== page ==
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Ohio Voters Will Decide Whether Norfolk Southern Can Buy Publicly Owned Railroad

The company behind the train derailment in East Palestine wants to buy the only municipally owned railroad in the U.S.

A derailed Norfolk Southern train car is pictured in Van Buren Township, Michigan, on February 18, 2023.

The company responsible for the toxic train derailment in East Palestine, Ohio, is on the verge of buying up the only municipally owned interstate railroad in the United States.

One remaining barrier to Norfolk Southern’s $1.6 billion purchase of the Cincinnati Southern Railway (CSR) is the Ohio city’s voters, who will have an opportunity to reject the proposed sale on the November 7 ballot.

Norfolk Southern first expressed interest in buying the 337-mile railway outright in 2021, well before the East Palestine derailment earlier this year brought closer scrutiny to the rail giant’s history of fighting safety regulations at the expense of workers and communities. Cincinnati has leased the railway to Norfolk Southern for decades, and the arrangement currently brings the city around $25 million a year.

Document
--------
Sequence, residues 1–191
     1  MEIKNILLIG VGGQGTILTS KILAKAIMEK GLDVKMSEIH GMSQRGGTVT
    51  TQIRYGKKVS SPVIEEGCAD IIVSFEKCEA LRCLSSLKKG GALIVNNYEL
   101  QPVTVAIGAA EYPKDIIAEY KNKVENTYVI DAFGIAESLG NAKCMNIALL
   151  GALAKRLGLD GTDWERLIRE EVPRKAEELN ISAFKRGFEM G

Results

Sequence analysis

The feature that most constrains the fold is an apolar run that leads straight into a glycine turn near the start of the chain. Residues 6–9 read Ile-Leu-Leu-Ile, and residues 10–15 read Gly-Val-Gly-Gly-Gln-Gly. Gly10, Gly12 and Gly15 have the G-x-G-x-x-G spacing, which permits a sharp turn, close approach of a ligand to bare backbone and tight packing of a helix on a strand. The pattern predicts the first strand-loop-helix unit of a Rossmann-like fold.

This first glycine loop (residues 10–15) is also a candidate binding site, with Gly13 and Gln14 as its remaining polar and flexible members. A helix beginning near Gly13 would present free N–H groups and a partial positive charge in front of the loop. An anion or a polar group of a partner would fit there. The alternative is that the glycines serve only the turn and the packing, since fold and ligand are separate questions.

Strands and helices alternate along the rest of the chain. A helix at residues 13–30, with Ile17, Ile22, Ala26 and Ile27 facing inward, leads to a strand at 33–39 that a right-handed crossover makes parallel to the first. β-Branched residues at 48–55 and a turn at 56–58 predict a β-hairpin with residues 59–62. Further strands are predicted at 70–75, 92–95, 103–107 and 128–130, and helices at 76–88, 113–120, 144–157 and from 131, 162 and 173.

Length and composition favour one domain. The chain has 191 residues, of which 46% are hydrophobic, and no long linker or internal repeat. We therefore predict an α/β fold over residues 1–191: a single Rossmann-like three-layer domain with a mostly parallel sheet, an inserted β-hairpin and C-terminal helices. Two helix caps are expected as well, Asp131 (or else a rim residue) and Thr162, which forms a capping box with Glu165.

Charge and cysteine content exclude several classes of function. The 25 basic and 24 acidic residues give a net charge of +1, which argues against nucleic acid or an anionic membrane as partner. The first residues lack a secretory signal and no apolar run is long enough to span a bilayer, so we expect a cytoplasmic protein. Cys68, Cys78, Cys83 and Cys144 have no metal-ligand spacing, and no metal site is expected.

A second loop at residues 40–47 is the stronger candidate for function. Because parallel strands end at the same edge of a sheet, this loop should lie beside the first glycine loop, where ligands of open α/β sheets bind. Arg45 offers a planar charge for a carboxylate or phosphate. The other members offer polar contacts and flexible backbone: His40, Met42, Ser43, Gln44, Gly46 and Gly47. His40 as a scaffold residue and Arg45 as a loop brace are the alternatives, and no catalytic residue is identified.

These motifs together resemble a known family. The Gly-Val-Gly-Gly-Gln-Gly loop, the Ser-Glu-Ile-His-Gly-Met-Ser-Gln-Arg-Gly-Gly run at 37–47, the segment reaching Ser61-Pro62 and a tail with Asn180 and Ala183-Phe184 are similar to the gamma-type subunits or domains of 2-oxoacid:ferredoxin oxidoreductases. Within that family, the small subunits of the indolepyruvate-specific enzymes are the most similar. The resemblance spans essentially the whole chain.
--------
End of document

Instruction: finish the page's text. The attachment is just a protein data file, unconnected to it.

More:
City officials — including the unelected board of trustees that manages the railway — formally announced the proposed sale last November, setting off a lengthy process during which lawmakers changed 150-year-old statutes to allow proceeds from the transaction to be used for purposes other than paying off debts, such as infrastructure improvements.